As far as romantic relationships go, you have a hot-headed couple that have been together since high school. They butt heads, but they mean well and truly love one another. There's a couple that have been friends since they were kids and decide to finally become an item after all these years. You also have another relationship that has yet to begin and is just in the friendship stages. Everyone is at a different place romantically, so all levels of relationships are explored here.
Wotakoi: Love Is Hard for Otaku actually began releasing as a doujinshi, but Kodansha later picked it up for release. 2-in-1’s of the series were later released by Kodansha with English translation. There are 11 volumes in total to read, so it’s a relatively quick read! There are three variants of the sixth and final volume, Barnes & Noble, Books-A-Million, and Kinokuniya exclusives, that you may want to keep an eye out for as well.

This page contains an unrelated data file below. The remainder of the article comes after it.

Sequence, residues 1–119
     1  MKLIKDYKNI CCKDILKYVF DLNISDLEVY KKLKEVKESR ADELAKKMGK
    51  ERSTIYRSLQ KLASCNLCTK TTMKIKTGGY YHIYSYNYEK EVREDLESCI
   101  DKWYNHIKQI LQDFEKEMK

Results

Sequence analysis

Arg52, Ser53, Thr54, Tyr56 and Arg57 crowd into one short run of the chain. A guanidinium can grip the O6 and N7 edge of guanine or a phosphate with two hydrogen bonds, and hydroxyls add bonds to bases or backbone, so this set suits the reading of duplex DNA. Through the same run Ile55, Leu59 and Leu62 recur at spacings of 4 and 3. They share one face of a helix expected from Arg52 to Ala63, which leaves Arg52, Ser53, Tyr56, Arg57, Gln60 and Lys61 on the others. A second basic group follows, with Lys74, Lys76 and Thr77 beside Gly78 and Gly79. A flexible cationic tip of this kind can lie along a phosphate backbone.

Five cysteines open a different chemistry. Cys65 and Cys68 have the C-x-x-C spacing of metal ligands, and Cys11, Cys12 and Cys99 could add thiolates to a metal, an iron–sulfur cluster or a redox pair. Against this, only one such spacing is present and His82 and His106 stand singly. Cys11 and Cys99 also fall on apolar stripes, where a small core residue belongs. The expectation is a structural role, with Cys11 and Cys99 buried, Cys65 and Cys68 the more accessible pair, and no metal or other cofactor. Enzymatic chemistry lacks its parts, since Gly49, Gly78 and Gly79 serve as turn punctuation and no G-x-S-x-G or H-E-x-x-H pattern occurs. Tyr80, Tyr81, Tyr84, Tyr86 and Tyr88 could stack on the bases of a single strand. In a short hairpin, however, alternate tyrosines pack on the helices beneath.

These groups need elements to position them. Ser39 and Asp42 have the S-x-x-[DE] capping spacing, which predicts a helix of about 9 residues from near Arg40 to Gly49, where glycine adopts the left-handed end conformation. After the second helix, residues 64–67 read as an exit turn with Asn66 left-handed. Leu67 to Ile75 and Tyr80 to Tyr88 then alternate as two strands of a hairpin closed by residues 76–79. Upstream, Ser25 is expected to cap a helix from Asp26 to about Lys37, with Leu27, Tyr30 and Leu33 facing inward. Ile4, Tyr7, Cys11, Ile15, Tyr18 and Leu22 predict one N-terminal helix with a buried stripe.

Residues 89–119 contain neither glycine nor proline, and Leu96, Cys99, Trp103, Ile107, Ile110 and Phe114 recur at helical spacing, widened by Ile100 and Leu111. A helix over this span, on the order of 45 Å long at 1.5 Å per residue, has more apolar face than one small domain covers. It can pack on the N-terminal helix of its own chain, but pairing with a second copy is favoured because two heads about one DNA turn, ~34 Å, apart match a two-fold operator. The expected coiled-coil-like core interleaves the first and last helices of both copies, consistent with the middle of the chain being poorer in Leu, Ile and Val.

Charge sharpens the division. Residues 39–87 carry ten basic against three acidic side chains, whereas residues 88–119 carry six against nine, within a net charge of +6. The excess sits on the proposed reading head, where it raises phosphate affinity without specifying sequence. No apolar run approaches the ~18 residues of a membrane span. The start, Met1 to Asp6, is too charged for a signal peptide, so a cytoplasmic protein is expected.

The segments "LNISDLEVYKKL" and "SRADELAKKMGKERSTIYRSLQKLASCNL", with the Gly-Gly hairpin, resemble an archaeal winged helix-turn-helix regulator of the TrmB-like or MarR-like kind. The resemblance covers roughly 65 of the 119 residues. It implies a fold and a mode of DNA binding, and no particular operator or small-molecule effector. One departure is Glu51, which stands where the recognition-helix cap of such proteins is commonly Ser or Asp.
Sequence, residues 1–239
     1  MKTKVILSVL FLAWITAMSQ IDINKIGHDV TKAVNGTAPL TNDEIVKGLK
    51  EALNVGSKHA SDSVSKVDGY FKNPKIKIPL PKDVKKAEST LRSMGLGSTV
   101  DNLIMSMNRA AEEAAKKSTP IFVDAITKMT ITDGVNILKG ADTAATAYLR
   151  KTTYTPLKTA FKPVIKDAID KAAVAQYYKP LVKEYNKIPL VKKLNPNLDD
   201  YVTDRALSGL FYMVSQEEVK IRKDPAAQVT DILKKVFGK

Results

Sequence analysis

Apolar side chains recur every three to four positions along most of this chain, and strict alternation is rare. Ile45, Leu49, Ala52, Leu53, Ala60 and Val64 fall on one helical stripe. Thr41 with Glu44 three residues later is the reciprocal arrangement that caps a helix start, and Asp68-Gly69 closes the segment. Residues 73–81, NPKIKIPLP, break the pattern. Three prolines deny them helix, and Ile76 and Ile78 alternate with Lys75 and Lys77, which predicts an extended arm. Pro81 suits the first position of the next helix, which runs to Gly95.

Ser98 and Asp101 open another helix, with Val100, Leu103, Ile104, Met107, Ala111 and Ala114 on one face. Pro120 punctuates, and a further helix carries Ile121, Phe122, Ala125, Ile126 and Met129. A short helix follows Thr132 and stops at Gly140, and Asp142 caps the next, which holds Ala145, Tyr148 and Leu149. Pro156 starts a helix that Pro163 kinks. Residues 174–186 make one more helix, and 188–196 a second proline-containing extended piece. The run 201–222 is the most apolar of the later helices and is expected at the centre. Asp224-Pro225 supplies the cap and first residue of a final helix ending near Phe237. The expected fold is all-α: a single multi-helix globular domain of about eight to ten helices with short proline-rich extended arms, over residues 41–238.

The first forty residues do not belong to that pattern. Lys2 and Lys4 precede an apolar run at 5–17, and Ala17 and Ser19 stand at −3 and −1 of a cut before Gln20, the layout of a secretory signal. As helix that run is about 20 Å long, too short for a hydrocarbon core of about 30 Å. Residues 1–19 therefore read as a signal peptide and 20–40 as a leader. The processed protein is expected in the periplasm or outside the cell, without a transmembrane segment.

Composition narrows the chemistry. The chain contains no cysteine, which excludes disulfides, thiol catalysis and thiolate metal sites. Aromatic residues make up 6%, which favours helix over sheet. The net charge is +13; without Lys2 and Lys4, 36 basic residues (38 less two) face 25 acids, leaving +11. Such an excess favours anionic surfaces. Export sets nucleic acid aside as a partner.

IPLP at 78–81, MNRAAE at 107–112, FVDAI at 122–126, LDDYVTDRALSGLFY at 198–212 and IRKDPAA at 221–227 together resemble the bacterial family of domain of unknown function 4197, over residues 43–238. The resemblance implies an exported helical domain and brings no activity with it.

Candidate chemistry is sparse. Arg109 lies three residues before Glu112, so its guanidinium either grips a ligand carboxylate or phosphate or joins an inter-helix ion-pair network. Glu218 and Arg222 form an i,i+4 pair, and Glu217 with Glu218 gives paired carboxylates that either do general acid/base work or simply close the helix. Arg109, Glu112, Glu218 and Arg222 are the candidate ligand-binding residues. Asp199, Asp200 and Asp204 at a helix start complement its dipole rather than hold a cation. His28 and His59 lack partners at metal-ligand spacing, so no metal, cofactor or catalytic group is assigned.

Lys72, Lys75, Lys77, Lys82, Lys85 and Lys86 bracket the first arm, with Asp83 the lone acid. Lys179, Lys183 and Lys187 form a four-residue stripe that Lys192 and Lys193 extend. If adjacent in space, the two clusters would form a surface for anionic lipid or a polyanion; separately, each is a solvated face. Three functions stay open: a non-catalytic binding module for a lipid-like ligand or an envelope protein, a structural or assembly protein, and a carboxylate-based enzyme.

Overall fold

It’s one of my all-time favorites, and while it may sound like it may have a simple premise, this series has a lot to offer. It will make you laugh, but it will move you in unexpected ways as well.
Nana by Ai Yazawa
Nana by Ai Yazawa tells the story of two Nana's, Nana Osaki and Nana Komatsu, who move to Tokyo after turning 20 years old: Nana O. to pursue a professional music career with her punk band, Black Stones, and Nana K. to join her friends and move in with her boyfriend. Despite having different personalities and ambitions, the two find similarities with each other and become close friends and roommates.
Nana is unique because you watch two friends, who come from different walks of life, bond together over their experiences, both positive and negative. You watch them relate and connect with one another despite their differing personalties and interests to overcome their heartbreaks, but also rejoice in happy times and celebrate their successes as well. It goes to show that we all, no matter who we are or where we come from, can relate with one another through shared experiences, and this is part of what makes Nana such a successful series.